Jan Kiszka wrote:
> Gilles Chanteperdrix wrote:
>> Jan Kiszka wrote:
>>> Gilles Chanteperdrix wrote:
>>>> Jan Kiszka wrote:
>>>>> Gilles Chanteperdrix wrote:
>>>>>> Jan Kiszka wrote:
>>>>>>> Why? It delivers us the core mechanism we need for the rest as well -
>>>>>>> and it does not require fancy I-pipe hooks.
>>>>>> Because relying on the vdso/vsyscall only works on x86. Whereas
>>>>>> implementing clock slew down/acceleration at nucleus level and simply
>>>>>> sharing data between kernel and user through the the global sem heap,
>>>>>> works for all architectures.
>>>>> There are three kind of archs:
>>>>> - those that already support vgettimeofday & friends (x86, powerpc,
>>>>> maybe more)
>>>>> - those that do not yet though they could (I strongly suspect arm falls
>>>>> into this category as well)
>>>>> - those that never will (due to lacking user-readable time sources)
>>>>> We need temporary/permanent i-pipe workarounds for the last two, but I
>>>>> see no point in complicating the first category. This design aims at a
>>>>> longer term.
>>>> Well, I may be wrong, but I prefer generic code to arch-specific code.
>>>> Nucleus code to handle clock slow down/acceleration would be generic;
>>>> I-pipe code to signal NTP syscalls would be generic (and yes, even if
>>>> I-pipe patches are generated for all architectures, whether the code is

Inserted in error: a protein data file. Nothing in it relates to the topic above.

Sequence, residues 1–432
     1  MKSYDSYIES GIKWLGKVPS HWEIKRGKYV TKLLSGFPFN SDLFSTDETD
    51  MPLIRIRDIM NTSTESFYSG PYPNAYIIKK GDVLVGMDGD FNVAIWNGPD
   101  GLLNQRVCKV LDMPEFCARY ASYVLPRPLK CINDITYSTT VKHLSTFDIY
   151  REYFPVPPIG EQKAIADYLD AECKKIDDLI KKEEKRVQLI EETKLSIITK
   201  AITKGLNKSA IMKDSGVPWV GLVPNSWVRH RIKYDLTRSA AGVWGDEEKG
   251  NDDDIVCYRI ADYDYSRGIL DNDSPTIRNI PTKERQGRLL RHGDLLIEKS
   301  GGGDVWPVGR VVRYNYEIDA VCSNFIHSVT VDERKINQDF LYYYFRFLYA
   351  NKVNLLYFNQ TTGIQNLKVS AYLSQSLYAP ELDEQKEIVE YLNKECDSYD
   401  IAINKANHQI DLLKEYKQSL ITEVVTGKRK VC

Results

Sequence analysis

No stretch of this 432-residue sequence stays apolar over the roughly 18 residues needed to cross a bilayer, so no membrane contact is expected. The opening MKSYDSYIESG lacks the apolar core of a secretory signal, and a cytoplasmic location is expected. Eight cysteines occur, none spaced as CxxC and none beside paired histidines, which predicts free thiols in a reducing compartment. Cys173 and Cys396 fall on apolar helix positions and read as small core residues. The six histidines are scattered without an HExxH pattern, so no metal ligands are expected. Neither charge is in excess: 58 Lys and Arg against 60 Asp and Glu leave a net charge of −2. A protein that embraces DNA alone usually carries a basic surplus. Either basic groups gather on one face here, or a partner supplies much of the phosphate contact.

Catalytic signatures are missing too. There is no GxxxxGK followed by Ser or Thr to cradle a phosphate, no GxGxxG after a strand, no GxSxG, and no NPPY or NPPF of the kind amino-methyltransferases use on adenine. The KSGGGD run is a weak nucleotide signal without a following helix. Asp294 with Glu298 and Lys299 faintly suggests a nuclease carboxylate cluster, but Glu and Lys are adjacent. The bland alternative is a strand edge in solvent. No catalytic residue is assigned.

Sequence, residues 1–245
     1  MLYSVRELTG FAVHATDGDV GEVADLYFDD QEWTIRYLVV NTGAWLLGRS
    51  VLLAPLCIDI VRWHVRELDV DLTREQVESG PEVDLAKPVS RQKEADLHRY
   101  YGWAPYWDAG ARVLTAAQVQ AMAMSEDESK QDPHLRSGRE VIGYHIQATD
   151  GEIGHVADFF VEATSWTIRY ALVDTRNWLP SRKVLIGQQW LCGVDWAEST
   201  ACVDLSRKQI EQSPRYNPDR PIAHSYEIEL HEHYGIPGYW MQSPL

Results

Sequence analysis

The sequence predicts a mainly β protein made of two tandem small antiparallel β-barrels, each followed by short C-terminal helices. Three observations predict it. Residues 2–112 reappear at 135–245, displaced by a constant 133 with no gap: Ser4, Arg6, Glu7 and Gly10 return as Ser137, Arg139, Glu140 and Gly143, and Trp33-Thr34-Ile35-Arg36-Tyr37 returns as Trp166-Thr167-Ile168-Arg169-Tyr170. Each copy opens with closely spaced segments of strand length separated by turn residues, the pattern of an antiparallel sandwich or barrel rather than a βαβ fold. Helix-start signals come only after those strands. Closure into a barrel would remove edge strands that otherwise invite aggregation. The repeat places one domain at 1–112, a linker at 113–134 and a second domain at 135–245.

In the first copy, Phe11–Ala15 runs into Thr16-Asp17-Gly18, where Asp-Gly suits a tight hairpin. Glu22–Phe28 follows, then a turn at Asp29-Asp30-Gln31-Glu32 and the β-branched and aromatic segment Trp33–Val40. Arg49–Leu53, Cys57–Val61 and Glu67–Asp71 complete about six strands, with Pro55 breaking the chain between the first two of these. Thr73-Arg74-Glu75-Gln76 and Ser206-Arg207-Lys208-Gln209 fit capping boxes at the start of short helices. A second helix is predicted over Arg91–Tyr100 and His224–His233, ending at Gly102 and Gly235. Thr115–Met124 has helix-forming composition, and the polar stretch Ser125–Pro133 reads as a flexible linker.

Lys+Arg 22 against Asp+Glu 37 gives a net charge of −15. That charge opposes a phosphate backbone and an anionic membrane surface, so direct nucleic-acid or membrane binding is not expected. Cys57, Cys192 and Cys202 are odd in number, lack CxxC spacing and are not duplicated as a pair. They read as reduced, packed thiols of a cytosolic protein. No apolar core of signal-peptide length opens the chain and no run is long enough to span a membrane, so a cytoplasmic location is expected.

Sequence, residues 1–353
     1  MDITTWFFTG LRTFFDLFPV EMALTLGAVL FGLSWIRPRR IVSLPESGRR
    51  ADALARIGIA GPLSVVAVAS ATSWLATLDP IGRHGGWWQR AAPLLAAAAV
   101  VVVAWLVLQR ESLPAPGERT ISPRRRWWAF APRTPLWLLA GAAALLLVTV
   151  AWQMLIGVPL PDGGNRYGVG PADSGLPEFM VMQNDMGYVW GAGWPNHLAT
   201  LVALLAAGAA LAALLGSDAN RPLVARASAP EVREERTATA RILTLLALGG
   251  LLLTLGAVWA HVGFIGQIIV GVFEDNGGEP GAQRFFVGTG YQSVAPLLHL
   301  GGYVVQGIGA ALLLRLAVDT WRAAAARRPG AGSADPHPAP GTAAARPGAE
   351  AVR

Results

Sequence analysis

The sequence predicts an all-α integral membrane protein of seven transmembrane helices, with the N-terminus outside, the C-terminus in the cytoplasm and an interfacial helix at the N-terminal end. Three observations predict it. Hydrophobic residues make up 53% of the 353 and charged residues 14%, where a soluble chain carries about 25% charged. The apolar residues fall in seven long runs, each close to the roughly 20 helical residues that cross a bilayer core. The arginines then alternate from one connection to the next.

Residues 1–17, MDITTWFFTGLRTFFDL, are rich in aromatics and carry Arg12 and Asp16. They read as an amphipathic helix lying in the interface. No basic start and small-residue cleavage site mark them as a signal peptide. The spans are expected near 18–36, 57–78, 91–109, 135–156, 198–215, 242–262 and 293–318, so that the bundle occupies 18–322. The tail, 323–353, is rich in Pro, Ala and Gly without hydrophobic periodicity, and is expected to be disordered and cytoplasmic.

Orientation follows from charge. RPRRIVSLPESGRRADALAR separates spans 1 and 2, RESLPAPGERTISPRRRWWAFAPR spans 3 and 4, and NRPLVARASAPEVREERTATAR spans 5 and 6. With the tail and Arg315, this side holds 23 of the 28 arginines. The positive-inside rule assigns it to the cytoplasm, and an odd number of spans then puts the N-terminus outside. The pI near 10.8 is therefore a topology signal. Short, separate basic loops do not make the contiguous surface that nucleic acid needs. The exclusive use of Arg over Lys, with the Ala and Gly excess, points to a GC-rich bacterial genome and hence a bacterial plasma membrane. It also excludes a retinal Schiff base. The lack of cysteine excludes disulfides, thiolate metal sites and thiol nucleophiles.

>>>> generic or specific makes a big difference);
>>>> User-space code to implement clock_gettime(CLOCK_REALTIME) using data
>>>> shared through the global sem heap would be generic.
>>>> So, I think this design is future proof and easy to maintain. And I do
>>>> not see how it complicates x86 situation, since it is only made of
>>>> generic code.
>>> Well, OK, then place a small optional I-pipe hook into that part that
>>> normally writes the update into the vdso page (I think that is
>>> arch-specific anyway), replicating it into a specified page the nucleus
>>> may set up on a globally shared heap. That hook also has to maintain a
>>> seqlock like Linux does, ie. generating the same layout and semantics.
>>> It's just the transport mechanism, we can easily select it based on the
>>> arch's level of support.
>>> But I'm against any needless redirection through the nucleus (including
>>> potential nklocks etc.).
>> I do not really understand why you want to use the vdso page, since we
>> have the global sem heap anyway. clock_gettime already has a mean to
>> read a clock source and the frequency of this clock source, this is
>> guaranteed on all platforms, so I think the correction code can be made
> Again, the page is not the point, what it contains is important. Our
> currently published data is not sufficient to support dynamic updates,
> but the vdso _contains_ all the data we could reuse with an enhanced
> algorithm to provide a dynamically adjusted time base.
>> However, duplicating the ntp related kernel code may be the real issue.
>> I have to look at that code to see how complex it is.